# Search a 2D Matrix

Write an efficient algorithm that searches for a `target`

value in an `m x n`

integer `matrix`

. The `matrix`

has the following properties:

- Integers in each row are sorted in ascending from left to right.
- Integers in each column are sorted in ascending from top to bottom.

**Input:** matrix = [[1,4,7,11,15],[2,5,8,12,19],[3,6,9,16,22],[10,13,14,17,24],[18,21,23,26,30]], target = 5

**Output:** true

**Input:** matrix = [[1,4,7,11,15],[2,5,8,12,19],[3,6,9,16,22],[10,13,14,17,24],[18,21,23,26,30]], target = 20

**Output:** false

**Constraints:**

`m == matrix.length`

`n == matrix[i].length`

`1 <= n, m <= 300`

`-109 <= matix[i][j] <= 109`

- All the integers in each row are
**sorted**in ascending order. - All the integers in each column are
**sorted**in ascending order. `-109 <= target <= 109`

## Approach : Search Space Reduction

**Intuition**

Because the rows and columns of the matrix are sorted (from left-to-right and top-to-bottom, respectively).

**Algorithm**

First, we initialize a (*row*,*col*) pointer to the bottom-left of the matrix. Then, until we find `target`

and return `true`

(or the pointer points to a (*row*,*col*) that lies outside of the dimensions of the matrix), we do the following: if the currently-pointed-to value is larger than `target`

we can move one row "up". Otherwise, if the currently-pointed-to value is smaller than `target`

, we can move one column "right". It is not too tricky to see why doing this will never prune the correct answer; because the rows are sorted from left-to-right, we know that every value to the right of the current value is larger. Therefore, if the current value is already larger than `target`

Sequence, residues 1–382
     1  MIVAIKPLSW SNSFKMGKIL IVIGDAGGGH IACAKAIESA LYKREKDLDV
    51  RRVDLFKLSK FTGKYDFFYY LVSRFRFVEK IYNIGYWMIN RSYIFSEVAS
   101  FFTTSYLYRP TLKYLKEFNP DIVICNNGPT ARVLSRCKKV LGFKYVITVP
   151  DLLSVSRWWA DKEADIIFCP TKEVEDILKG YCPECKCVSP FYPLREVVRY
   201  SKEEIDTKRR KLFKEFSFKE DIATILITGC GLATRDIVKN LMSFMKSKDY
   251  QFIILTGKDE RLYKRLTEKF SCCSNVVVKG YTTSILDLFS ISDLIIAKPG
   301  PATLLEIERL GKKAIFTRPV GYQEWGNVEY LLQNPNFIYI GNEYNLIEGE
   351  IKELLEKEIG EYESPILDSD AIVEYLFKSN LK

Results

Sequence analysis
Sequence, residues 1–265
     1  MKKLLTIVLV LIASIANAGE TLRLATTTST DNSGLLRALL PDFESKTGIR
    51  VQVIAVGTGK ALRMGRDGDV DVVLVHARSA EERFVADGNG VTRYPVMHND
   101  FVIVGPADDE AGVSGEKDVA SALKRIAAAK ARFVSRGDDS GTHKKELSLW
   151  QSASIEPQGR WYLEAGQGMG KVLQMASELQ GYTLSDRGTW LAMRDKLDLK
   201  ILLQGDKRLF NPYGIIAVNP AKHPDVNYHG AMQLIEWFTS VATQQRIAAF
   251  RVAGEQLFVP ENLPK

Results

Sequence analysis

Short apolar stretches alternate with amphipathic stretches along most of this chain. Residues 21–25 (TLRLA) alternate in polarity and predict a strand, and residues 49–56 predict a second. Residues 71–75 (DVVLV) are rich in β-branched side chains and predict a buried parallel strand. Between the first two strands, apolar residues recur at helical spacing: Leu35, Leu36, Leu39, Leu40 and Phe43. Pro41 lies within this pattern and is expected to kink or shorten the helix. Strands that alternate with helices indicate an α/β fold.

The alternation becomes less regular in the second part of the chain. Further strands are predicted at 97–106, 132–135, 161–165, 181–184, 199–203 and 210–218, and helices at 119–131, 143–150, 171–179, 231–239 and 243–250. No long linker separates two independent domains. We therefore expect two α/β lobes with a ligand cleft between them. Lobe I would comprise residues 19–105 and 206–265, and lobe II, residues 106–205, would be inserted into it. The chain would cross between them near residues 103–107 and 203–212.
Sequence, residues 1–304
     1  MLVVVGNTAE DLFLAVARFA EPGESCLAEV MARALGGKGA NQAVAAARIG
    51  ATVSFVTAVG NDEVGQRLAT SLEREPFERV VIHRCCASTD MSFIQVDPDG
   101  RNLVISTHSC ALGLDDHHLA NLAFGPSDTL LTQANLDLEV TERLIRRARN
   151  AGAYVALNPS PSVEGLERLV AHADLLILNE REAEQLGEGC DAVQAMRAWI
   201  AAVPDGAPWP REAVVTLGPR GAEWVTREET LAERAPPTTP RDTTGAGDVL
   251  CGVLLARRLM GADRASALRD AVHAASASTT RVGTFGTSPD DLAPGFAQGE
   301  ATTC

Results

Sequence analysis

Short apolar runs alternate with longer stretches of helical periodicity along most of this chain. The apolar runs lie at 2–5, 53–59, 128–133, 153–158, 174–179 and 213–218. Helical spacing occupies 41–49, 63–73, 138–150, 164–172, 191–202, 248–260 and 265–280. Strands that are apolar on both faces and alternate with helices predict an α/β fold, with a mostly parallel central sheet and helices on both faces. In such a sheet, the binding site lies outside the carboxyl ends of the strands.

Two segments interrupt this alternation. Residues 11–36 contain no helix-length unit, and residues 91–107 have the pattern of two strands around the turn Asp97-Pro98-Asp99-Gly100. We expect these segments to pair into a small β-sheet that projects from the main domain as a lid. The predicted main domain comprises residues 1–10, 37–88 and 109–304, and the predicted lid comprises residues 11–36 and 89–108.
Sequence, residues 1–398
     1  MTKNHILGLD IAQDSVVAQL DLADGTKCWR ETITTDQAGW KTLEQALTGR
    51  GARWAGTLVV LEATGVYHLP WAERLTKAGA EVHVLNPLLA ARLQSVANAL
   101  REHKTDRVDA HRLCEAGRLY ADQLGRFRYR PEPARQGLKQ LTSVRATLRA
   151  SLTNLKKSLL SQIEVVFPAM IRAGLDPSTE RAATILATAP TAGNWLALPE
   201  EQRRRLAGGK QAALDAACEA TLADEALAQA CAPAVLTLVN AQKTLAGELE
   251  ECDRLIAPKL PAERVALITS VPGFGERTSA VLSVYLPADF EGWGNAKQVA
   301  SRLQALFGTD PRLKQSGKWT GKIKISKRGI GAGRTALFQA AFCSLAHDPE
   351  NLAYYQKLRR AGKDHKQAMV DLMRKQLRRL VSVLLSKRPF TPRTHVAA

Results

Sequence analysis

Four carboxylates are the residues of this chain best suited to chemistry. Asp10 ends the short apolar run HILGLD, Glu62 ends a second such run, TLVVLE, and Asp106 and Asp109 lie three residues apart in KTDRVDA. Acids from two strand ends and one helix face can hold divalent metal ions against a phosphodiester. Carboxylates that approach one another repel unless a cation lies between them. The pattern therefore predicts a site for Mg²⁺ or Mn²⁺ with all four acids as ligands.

, we know that every value to its right will also be too large. A very similar argument can be made for the columns, so this manner of search will always find `target`

in the matrix (if it is present).

Check out some sample runs of the algorithm in the animation below:

**Implementation**:

**Complexity Analysis**

- Time complexity : O(
*n*+*m*) - The key to the time complexity analysis is noticing that, on every iteration (during which we do not return
`true`

) either`row`

or`col`

is decremented/incremented exactly once. Because`row`

can only be decremented*m*times and`col`

can only be incremented*n*times before causing the`while`

loop to terminate, the loop cannot run for more than*n*+*m*iterations. Because all other work is constant, the overall time complexity is linear in the sum of the dimensions of the matrix. - Space complexity : O(1).